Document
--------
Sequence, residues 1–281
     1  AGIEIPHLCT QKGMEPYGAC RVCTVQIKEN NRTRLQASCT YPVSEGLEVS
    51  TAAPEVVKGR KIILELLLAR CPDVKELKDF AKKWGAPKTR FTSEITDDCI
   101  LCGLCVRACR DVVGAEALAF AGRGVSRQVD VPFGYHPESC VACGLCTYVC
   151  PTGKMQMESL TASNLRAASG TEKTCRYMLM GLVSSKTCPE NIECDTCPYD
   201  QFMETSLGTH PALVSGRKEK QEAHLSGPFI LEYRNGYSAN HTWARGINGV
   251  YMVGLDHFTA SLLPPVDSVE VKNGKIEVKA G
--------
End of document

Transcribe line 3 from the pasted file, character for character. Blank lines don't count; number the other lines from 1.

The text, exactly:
    51  TAAPEVVKGR KIILELLLAR CPDVKELKDF AKKWGAPKTR FTSEITDDCI